For the second year running, the Deloitte Fast 50 awards have given special recognition to the area of cybersecurity.
Colm McDonnell, head of risk advisory at Deloitte, said Ireland has a growing reputation in this vital sector.
“We’ve had loads of really good entries,” he said.
Deloitte’s research into global ‘centres of excellence’ for cybersecurity has shown that Ireland is an important focal point for the sector.
“Outside of the EU, there’s Israel, then there’s Ireland,” he said.
The rise in threats has been a continuing menace, but there are sometimes surprising catalysts. Brexit, for one. And Ireland’s growing role in cybersecurity, for another.
“The threat landscape is heightened because of Brexit. Much of what makes an organisation or [even] a country vulnerable, is transactions. I believe, personally, there is a risk around Brexit because people will be busy, even preoccupied: CFOs and CEOs will be busy in terms of strategic planning and so people will be vulnerable to phishing, particularly spear phishing,” said McDonnell.
“And now, because Ireland is at the forefront of the news cycle, we are getting recognised by the actors and so they will have a good sniff around.”
High-tech, low level
Cybersecurity, like the rest of the IT sector, is known for relentless development, and with the threat landscape in a state of constant flux, it makes sense that the defensive technologies are developing fast.
“AI and robotics are no longer cutting edge but it’s not quite mainstream yet,” said McDonnell.
“The thing is, the [criminal] actors are using these technologies, investing multi-millions in it [because] it’s an ideal technology to cyber-attack: 24/7, 365 days a year,” he said.
This year’s Fast 50 Cybersecurity award winner, Titan IC, based in Belfast, is an excellent example of a high-tech response to the growing cyber threat: instead of relying solely on software, Titan IC develops hardware designed to beat the hackers.
Titan IC is effectively a ‘fabless’ semiconductor company, producing silicon designs.
“What our products do, in layman’s terms, is we have a very high-speed search engine that looks for patterns among network traffic, so it can detect threats in real time; it doesn’t slow down your network,” said chief executive Noel McKenna.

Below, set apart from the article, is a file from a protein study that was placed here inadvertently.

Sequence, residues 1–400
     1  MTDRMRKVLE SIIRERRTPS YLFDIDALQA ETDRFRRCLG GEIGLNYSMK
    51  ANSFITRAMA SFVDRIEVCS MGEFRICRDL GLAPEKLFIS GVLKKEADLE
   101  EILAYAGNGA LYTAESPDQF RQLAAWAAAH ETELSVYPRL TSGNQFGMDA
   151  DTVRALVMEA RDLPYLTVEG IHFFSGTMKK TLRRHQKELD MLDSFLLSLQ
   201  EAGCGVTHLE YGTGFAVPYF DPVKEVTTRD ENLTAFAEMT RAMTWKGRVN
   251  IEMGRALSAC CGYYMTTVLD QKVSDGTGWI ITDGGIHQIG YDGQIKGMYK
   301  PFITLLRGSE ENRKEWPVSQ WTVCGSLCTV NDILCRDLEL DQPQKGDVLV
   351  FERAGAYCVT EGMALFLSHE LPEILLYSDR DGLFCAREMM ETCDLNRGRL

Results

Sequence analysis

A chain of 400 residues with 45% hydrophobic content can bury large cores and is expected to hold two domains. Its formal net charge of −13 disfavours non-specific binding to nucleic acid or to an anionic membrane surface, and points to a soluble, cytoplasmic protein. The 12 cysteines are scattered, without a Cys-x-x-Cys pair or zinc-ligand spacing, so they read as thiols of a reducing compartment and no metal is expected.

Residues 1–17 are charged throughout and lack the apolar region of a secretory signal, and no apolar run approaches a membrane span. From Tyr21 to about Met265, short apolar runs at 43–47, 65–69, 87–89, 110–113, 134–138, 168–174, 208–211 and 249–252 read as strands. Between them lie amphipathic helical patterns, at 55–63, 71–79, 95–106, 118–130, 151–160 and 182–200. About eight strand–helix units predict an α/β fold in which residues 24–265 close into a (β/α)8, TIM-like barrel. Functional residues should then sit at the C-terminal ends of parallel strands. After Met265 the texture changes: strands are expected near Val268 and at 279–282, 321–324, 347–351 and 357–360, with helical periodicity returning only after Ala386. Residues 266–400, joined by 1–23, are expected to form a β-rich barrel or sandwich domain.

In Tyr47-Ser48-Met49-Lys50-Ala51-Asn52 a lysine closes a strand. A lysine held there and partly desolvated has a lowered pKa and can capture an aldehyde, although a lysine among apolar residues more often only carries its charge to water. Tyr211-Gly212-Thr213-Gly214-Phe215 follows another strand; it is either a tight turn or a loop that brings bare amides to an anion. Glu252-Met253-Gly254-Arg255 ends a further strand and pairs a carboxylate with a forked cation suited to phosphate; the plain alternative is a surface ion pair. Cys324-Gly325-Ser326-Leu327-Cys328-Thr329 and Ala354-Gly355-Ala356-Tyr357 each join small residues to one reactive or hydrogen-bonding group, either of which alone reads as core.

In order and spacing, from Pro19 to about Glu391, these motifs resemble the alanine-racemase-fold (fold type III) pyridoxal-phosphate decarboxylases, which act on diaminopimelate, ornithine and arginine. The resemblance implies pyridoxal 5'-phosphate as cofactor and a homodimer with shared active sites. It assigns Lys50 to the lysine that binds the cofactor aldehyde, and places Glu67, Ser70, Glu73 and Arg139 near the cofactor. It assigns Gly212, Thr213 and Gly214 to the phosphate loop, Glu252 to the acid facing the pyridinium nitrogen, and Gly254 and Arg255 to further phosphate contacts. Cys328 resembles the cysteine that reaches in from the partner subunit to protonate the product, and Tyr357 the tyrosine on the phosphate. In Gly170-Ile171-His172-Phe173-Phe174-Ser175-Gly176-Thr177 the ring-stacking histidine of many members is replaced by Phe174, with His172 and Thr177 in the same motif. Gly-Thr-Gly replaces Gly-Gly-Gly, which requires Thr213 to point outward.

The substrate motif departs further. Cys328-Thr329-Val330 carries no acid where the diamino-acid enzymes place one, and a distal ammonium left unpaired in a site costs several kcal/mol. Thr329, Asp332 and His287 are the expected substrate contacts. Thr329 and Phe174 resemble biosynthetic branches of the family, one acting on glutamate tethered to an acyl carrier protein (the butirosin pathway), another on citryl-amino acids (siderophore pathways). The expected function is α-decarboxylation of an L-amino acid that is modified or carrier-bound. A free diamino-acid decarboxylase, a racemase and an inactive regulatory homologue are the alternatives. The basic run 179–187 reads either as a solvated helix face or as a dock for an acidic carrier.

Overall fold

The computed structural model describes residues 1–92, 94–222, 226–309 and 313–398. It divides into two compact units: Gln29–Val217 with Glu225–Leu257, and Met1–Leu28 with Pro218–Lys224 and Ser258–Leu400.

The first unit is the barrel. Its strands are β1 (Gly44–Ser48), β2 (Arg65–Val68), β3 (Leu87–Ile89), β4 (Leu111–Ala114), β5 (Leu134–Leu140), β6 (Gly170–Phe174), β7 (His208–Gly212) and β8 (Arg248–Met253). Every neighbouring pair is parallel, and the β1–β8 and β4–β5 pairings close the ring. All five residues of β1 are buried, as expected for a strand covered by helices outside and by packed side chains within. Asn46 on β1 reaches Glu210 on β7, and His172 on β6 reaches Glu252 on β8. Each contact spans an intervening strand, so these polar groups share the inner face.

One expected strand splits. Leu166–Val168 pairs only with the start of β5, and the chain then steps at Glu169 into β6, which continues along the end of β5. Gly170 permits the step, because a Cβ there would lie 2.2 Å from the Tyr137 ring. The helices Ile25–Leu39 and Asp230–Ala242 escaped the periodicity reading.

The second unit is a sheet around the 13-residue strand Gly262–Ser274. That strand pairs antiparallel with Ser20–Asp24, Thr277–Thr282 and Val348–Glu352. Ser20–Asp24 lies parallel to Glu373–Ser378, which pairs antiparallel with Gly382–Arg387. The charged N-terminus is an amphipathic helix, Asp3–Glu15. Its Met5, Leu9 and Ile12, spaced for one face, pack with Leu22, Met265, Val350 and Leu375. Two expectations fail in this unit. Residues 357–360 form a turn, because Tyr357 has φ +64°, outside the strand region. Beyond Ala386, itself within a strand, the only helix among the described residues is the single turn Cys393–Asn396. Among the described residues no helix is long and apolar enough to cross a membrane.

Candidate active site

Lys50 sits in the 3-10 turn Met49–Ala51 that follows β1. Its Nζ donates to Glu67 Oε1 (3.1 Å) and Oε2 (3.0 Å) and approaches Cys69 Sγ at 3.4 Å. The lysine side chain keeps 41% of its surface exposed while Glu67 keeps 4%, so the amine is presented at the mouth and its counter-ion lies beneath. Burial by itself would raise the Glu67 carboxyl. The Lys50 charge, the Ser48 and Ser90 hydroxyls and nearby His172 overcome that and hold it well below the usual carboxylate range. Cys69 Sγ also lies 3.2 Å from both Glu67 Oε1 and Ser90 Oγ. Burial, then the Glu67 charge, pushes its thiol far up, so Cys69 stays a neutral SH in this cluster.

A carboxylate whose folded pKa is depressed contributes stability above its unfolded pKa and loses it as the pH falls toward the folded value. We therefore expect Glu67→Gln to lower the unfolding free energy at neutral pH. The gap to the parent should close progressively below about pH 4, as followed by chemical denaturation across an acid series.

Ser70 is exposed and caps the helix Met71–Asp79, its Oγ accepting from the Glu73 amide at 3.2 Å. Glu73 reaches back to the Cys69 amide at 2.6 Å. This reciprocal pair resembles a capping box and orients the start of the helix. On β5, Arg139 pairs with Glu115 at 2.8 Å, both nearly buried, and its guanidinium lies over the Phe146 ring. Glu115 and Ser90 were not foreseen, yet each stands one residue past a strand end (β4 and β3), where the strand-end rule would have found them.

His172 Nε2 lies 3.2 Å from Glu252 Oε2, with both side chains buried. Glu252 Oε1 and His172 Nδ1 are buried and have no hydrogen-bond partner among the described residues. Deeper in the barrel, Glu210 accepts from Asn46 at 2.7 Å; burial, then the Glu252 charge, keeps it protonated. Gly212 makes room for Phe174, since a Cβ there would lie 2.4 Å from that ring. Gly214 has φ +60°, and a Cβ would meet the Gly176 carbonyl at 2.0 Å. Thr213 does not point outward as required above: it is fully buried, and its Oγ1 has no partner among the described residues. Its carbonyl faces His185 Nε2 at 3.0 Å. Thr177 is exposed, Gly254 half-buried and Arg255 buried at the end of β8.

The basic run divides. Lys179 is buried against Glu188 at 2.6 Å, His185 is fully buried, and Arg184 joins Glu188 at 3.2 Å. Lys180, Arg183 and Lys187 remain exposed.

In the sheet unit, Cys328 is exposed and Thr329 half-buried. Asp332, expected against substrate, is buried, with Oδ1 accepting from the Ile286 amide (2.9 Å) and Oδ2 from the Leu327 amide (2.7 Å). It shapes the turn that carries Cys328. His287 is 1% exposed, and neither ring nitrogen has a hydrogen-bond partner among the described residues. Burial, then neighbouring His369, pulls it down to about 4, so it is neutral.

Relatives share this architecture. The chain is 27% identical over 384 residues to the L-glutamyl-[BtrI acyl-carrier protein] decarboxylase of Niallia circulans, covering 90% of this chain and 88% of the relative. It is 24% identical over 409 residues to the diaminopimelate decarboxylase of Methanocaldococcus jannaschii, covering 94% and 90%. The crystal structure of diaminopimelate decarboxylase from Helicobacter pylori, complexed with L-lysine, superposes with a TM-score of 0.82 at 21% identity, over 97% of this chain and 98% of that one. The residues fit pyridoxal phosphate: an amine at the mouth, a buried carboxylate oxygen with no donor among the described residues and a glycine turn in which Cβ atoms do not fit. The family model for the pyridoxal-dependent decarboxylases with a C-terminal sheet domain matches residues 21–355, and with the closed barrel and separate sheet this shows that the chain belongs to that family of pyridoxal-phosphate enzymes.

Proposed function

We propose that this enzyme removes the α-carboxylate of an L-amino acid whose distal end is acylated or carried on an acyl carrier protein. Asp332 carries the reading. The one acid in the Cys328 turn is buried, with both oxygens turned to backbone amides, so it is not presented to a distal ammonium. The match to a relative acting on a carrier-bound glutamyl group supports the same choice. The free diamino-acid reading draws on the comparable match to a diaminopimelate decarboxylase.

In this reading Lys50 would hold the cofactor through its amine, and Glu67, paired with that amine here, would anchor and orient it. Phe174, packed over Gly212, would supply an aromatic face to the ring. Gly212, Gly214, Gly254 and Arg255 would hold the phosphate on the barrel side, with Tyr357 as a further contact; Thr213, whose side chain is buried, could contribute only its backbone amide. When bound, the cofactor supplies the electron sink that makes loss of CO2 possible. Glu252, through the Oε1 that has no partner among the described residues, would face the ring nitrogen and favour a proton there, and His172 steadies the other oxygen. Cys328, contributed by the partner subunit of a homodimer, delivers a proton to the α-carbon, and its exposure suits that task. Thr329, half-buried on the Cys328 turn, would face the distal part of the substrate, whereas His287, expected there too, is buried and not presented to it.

Spun out from Queen’s University, which has its own centre for cybersecurity research, the Centre for Secure Information Technologies, Titan IC designs chips which are then licensed to other semiconductor companies to manufacture — a model familiar from ARM, the British-based company that designs the chips found in almost every mobile phone.
For McKenna, the Fast 50 represents recognition of real- world progress.
“We applied for it because it is objective. It’s good to show progress over the years,” he said.
“I had previous tech companies that were featured in the Fast 50. It’s very good [as] you basically need 50 per cent annual growth, so over four years you’ve got to show [consistently] good numbers.”
It’s a fair point: the Fast 50’s focus on numbers offers a real counterpoint to some business awards where paying for a table results in being handed a gong.
One recently announced customer of Titan IC’s is Mellanox, which is using its designs in its new SmartNIC device, a data centre-grade network adapter.
Titan IC designs both ASIC (application-specific integrated circuit) and FPGA (field programmable gate array) chips for different products.
“Because the number of new threats is growing day after day, teams and teams of people [around the world] are writing algorithms that run on our designs,” he said.
McKenna expects growth to continue: a fair assumption given what is at stake.
“If you think of all the cloud-based computers that Amazon, [Microsoft] Azure, Google has, every one of those needs a NIC,” he said.
“We have a few more designs in the pipeline that we will announce early next year. We’re just getting busier and busier.”